When my sister, Paula Kaser Price, inherited our mother’s waffle irons and the oil-stained recipe , she also inherited memories and tradition. Paula’s story gives us a great example of how donning an apron can lead us back to our memories of those family members long gone. Besides traveling back in time, the story travels from Hilliard, Ohio to Scottsdale Arizona to her home today in Virginia.
UPDATE: Paula adds, “It is a team effort as one cook frys the other dusts each cookie with powdered sugar. They are delicate so the rule is if any break the cooks must eat them immediately.” And what a shame that would be!
A Note From My Sister, Paula Kaser Price
In later years Mom and I spent a day making waffle iron cookies. The boys were sent away and we started cookin’. We had a wonderful time especially when the “boys” (Dad, Wayne, Eric and Aaron) showed up and gobbled them up getting powered sugar everywhere. Several dozen cookies were carefully hidden away before their arrival.
Dad, Paul Kaser; Wayne Price (my sister’s husband); Eric and Aaron (my sister’s sons. Aaron’s name is Paul Aaron and he now goes by Paul.).
Paul and I carry on the tradition spending a day making them then distributing waffle iron cookies to friends. Still use the stained recipe paper with Mom’s handwritten notes.
The Original Recipe
Because each cookie is made individually, given time to dry then sprinkled with powdered sugar, it is a time consuming and messy project. We always made at least a double batch, many times a double double batch. Mom wrote the doubled amounts on the recipe. The recipe came with the box of irons that are in the shape of a snow flake and a Christmas tree.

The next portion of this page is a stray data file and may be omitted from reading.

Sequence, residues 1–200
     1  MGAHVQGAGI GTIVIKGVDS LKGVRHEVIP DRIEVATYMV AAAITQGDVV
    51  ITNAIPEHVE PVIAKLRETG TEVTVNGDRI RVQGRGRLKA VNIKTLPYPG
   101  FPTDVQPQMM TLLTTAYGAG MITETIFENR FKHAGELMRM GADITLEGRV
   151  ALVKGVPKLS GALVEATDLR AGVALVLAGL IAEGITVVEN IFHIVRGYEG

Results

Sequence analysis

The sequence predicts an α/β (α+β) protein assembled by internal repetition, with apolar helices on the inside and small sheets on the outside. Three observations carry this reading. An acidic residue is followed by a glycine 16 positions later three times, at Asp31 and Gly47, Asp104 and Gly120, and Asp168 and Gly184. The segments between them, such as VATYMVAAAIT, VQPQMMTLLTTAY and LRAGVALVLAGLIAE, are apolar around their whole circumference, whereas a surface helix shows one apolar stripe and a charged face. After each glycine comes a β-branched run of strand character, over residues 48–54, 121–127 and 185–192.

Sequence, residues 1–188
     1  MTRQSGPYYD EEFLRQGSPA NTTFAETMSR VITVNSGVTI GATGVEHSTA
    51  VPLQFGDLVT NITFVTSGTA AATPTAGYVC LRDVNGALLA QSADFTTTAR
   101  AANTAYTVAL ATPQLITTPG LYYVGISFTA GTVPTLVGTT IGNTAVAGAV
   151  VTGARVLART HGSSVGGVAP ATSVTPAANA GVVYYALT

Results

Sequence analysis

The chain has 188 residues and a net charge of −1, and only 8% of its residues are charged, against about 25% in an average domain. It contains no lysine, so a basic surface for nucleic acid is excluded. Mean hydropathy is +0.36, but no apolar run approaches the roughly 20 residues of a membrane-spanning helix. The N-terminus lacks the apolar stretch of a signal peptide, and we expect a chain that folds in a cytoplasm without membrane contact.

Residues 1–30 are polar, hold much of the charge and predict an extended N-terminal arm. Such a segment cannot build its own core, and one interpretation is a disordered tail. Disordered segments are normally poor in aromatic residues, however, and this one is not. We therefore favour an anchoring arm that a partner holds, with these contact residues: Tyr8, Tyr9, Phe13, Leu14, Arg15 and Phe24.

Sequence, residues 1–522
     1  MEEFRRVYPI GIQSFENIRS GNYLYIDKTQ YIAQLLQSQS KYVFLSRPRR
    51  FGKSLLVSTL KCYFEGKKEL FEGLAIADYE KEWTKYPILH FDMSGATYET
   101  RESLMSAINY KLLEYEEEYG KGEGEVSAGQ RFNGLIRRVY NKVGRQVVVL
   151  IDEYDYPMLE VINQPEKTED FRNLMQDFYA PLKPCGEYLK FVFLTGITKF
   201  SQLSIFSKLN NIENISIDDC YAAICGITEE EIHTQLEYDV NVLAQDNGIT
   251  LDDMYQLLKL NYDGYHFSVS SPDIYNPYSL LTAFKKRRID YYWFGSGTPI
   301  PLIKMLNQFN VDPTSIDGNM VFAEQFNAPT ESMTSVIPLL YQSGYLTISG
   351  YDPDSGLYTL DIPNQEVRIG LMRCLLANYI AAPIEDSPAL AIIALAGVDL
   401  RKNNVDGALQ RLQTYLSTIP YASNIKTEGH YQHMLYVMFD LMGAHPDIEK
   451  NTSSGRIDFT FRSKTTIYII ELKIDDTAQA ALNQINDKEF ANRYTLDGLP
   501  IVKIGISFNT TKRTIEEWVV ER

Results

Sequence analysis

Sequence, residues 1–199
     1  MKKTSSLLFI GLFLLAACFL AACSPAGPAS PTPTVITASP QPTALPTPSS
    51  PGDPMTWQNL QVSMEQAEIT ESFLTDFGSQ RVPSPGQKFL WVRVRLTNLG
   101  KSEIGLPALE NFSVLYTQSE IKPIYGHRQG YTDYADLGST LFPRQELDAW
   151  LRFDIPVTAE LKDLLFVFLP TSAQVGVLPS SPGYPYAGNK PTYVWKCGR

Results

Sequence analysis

Recipe for waffle iron cookies with Mother’s hand-written doubling amounts
The past several years, because the recipe paper is torn in half and so oil soaked as to be difficult to read, I have thought I should rewrite it on clean paper. Then I reject the idea because using that recipe paper with Mom’s calculations is like having her spirit there watching over Paul and me and joining in with our fun listening to Christmas music, laughing, getting powdered sugar everywhere, anticipating the joy our labor will bring and the happy exhaustion at the end of the day.
So like Mom and I did In the 80s standing around the counter in my little house on Latham [Street, Scottsdale, AZ], Paul and I stand around the counter in our little house in the woods and fry us up some Christmas cookies.
Waffle Iron cookies with Santa
Sorry they don’t ship well. Also sorry I wondered down memory lane. Oh well, it is that time of year.
PS. Do you recognize the table cloth under the waffle box? It was always on the Christmas dining table in Hilliard. I think I remember being with Mom when she bought it at Lazarus [Department Store in Columbus OH]. Unfortunately now I can only use it folded in half as there is an ever growing hole on one side.
Mother made "waffle cookies", a deep fried confection known as rosettes in Scandinavian countries.
2lb shortening or oil (For frying)
1 cup flour (Sifted or fluffed before measuring)
1/2 cup evaporated milk
1/2 cup water
1 teaspoon sugar
1/2 teaspoon salt
1 egg (Beaten)
confectioner's sugar (To sprinkle over finished waffle cookie.)
Heat about 2 inches of oil or shortening 350 degrees